If your job post lacks clarity, you should revise it as soon as possible. Vague job titles not only put off candidates, but you may also lose out on keyword searches. Therefore, you should add every important detail that your potential candidates would possibly seek.

For instance, remuneration package, location, work type (onsite/remote/hybrid), specific requirements regarding skills or experience, benefits, or any opportunity that may arise from this specific employment.

Using Negative phrases

Some recruiters become exclusive while writing the job description to post online jobs, rather than being inclusive. This gives job seekers a reason to not apply. Phrases like “Need not apply”, “If you lack”, and “Must have 3 years of experience” reflect negative connotations and are strictly discouraged.

Though some criteria need to be met for a specific role, you should pull the strings to find positive ways to deliver your message. To post online jobs, you can use these phrases instead, "the position requires three years of experience” or "Apply if this sounds like you".

Final Words

Your job post is a make-or-break point for getting the right talent for your company. If you don't make these mistakes when you decide to post online jobs, you'll probably discover a lot more applicants. Choosing the right job board and creating a powerful job post is imperative to get successful in finding high-quality talent.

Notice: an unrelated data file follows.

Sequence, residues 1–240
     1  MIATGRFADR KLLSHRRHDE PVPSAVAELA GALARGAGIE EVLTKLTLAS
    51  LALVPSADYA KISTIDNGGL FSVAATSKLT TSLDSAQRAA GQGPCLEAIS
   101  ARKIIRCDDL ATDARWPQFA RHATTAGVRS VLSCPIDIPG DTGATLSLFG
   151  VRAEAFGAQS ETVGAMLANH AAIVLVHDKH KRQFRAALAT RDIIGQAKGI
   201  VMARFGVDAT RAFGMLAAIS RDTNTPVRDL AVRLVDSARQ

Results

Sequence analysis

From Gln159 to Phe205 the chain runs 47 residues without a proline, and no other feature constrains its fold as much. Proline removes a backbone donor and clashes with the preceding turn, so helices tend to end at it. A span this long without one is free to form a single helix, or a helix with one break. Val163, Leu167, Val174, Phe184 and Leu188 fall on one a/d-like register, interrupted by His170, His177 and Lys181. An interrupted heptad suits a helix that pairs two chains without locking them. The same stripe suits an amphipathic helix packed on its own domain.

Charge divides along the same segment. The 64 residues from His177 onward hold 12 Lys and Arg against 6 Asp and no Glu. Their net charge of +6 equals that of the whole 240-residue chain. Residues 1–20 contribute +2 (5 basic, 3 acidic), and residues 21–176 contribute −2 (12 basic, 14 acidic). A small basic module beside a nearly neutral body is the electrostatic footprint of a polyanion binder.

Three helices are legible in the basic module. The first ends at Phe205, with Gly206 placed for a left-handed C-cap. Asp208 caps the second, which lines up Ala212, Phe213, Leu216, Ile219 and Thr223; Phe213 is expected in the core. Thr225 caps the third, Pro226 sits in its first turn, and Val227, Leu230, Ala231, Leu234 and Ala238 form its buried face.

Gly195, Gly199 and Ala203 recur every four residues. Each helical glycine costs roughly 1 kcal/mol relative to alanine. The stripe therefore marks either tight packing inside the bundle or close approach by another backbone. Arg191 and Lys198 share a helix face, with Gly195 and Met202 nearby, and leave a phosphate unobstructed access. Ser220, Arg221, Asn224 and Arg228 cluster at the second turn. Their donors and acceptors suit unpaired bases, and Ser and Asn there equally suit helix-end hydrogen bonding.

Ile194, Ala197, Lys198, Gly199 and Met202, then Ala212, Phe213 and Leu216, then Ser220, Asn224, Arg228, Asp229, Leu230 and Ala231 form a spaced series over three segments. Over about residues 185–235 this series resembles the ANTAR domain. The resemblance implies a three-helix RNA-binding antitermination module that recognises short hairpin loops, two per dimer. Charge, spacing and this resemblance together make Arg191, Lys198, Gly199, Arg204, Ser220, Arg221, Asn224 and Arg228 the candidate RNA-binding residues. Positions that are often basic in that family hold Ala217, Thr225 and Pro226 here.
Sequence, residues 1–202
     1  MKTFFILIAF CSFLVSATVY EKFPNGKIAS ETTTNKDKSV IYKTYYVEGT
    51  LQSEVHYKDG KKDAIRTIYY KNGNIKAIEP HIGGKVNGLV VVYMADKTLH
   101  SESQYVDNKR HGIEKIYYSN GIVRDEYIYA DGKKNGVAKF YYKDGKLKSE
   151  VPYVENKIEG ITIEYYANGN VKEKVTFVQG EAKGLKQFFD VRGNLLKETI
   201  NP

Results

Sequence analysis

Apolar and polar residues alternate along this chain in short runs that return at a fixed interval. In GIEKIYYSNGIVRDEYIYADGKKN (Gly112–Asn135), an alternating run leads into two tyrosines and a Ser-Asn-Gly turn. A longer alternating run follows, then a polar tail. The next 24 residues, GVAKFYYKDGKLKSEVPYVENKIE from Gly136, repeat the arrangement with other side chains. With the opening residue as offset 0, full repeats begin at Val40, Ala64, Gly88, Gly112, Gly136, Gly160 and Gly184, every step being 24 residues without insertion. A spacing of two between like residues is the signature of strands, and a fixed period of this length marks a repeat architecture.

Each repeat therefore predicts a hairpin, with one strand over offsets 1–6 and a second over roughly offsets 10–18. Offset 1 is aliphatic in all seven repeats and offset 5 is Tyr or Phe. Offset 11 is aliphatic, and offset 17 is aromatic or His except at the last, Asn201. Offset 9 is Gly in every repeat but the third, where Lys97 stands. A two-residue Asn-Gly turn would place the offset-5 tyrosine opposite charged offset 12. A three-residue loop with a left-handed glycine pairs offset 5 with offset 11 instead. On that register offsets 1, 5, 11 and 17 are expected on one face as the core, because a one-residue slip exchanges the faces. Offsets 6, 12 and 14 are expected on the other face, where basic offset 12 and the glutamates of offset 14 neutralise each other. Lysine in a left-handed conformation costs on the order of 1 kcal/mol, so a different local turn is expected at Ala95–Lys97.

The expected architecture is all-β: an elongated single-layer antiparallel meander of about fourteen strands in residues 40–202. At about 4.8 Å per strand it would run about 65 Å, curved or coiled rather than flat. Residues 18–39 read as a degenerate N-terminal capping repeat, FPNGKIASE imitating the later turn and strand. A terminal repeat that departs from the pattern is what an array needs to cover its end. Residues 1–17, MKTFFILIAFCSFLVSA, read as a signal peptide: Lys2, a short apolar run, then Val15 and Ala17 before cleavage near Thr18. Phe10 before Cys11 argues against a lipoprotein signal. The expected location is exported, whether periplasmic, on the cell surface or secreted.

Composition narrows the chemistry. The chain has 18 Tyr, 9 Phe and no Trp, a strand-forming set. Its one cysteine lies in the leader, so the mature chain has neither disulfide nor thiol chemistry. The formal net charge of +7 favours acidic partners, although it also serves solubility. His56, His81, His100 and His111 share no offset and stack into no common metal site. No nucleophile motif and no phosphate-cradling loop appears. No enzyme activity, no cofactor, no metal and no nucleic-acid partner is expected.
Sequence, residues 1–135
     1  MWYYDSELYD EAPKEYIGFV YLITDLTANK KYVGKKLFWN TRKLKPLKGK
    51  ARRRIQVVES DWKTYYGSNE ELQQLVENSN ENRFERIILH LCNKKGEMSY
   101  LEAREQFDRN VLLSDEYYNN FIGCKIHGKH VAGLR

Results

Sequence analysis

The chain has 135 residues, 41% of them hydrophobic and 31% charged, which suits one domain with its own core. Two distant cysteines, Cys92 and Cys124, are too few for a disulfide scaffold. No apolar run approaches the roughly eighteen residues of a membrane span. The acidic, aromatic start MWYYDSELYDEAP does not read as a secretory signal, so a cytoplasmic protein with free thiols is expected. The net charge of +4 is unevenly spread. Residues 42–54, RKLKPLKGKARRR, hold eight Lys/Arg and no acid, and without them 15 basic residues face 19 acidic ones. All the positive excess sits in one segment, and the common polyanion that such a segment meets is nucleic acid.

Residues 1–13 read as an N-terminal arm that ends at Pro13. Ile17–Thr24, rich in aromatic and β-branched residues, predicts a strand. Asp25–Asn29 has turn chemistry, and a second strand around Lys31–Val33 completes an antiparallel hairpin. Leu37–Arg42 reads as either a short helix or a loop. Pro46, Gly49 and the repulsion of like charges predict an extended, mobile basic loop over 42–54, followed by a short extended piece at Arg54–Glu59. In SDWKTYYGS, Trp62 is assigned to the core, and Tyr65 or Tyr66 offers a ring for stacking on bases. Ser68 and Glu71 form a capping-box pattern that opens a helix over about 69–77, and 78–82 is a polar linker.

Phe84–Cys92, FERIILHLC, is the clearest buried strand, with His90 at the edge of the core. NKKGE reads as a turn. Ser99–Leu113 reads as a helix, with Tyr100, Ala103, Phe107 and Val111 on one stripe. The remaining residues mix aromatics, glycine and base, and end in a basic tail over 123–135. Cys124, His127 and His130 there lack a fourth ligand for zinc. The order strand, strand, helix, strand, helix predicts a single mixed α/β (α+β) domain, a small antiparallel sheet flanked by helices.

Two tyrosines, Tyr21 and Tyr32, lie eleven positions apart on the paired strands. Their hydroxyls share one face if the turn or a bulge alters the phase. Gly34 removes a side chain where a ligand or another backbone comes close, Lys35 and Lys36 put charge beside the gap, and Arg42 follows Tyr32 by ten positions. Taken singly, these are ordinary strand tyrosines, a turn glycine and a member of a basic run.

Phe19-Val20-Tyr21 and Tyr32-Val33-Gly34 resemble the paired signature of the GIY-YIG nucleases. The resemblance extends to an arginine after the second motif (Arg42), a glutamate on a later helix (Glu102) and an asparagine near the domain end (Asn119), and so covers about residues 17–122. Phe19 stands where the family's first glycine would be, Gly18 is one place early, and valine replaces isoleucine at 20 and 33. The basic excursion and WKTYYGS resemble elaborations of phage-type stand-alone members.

Check the comment section below for additional information, share what you know, or ask a question about this article by leaving a comment below. And, to quickly find answers to your questions, use our search Search engine.

Note: Some of the information in samples on this website may have been impersonated or spoofed.

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Online Threat Alerts Security Tips

Pay the safest way

Credit cards are the safest way to pay for online purchases because you can dispute the charges if you never get the goods or services or if the offer was misrepresented. Federal law limits your liability to $50 if someone makes unauthorized charges to your account, and most credit card issuers will remove them completely if you report the problem promptly.

Guard your personal information

In any transaction you conduct, make sure to check with your state or local consumer protection agency and the Better Business Bureau (BBB) to see if the seller, charity, company, or organization is credible. Be especially wary if the entity is unfamiliar to you. Always call the number found on a website’s contact information to make sure the number legitimately belongs to the entity you are dealing with.